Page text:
This past summer I came across a tweet from Kitze about starting a project with a limitation of five dependencies:

I enjoyed reading the replies and getting a whiff of people’s different preferences. Brad Frost had a somewhat tongue-in-cheek response on choosing tools that ultimately gets to a “right tools for the right job” type of message. I agree with that, but also was stumped on the initial premise of the question and flustered why I didn’t have even half an answer.

You might laugh, but I’ve been thinking about this question since the summer and I finally got an answer! A few weeks ago when a greenfield project came across my desk I was reminded of Kitze’s question when I installed these five packages:

focus-visible    (997B)
wicg-inert       (2.2kB)
nodelist-foreach (211B)  // IE11
picturefill      (4.9kB) // IE11

Here’s a break down of what that 8.3kB gzipped of packages get me:

  • focus-visible is focus states the way you want them, decoupled from click focus. It’s a “prollyfill” for an emerging standard.
  • wicg-inert is another “prollyfill” and the middle ground between [hidden] and visible; useful in accessibility work.
  • nodelist-foreach is something I’ve written about before, but it’s a 211b polyfill mostly needed for IE11.
  • picturefill is for responsive images for IE11.
  • sass is because I’m still pretty dependent on nesting and partials.

With these I can get pretty far. I could probably copy-paste that nodelist-foreach polyfill and get one more slot, but I like having polyfills registered as a dependency so that I can better manage them and remove them when browser support changes.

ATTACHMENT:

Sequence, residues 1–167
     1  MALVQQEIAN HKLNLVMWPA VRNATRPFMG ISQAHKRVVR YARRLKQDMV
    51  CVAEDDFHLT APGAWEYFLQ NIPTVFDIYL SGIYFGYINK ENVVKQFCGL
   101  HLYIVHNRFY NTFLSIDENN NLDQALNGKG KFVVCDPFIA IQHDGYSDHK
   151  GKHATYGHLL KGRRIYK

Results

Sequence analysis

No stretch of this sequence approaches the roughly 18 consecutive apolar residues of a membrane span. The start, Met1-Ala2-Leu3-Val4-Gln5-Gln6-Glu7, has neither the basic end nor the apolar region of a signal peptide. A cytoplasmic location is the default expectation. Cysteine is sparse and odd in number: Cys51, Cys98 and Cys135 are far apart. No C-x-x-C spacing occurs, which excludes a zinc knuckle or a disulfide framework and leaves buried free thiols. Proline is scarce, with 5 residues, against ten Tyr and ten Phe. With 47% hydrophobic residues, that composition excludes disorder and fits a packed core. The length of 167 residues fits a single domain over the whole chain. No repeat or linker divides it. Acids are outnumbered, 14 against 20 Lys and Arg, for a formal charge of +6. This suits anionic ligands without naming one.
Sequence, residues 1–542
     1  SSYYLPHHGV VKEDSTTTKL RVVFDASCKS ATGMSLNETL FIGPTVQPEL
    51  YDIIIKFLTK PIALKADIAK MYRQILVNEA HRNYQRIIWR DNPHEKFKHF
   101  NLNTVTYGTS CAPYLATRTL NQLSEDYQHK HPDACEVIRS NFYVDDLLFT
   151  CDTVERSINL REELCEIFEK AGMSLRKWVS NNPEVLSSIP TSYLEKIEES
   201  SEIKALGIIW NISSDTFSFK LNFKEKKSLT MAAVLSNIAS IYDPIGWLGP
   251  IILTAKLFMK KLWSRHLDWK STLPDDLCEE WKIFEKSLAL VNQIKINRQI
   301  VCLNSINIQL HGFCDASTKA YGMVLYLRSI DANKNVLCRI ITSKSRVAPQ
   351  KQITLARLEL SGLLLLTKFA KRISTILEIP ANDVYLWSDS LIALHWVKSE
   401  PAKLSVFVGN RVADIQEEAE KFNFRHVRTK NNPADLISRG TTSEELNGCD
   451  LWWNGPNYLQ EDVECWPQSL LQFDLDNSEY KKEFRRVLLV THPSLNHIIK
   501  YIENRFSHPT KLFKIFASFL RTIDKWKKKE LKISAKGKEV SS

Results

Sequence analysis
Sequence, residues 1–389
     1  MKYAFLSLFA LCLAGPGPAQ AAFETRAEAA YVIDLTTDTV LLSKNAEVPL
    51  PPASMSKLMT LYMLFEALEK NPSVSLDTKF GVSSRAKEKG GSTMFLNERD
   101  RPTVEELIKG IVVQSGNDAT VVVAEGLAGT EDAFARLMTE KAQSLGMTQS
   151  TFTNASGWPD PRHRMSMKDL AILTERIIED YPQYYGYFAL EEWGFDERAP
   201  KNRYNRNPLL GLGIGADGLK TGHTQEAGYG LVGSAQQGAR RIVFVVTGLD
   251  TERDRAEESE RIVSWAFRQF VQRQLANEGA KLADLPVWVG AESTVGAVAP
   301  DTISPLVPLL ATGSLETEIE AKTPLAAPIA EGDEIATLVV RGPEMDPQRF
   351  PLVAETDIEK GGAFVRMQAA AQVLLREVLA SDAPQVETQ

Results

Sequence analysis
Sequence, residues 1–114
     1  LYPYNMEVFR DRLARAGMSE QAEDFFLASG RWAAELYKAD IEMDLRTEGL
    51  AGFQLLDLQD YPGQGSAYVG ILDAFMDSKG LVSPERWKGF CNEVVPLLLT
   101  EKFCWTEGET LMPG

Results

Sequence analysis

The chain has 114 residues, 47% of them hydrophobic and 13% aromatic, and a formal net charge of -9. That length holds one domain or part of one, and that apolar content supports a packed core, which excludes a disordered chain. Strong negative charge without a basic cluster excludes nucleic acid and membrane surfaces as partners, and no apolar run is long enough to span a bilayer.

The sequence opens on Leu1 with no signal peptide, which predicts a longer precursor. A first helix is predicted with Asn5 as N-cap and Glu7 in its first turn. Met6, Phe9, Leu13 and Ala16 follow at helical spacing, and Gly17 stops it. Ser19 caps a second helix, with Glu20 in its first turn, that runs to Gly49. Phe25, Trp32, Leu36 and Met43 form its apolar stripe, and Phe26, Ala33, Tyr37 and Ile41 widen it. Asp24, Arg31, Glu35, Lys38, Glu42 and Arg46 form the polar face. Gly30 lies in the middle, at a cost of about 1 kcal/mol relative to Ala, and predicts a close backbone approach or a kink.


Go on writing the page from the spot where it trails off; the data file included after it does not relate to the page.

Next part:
In fact, this probably says quite a bit about me as well as the kind of development I like, all of these tools are designed to disappear at some point. They build on some sort of emerging standard. I didn’t plan that whatsoever, but I find something poetic in the fact that the dependencies I rely on the most will eventually not be needed.

Sass is probably the biggest lingering dependency, but I could see myself moving away from it in favor of some CSS-in-WC (Web Component) type of thing in the near future. If I had more slots, it would probably be the details-element-polyfill and the dialog-polyfill even though it has problems and Scott O’Hara says I shouldn’t use dialog… I just want it that bad. lit-element might make the list too.

Anyways, this was just a silly tweet from six months ago, I’m embarrassed it took so long to figure out, but I’m glad I did. I even learned a little bit about myself along the way.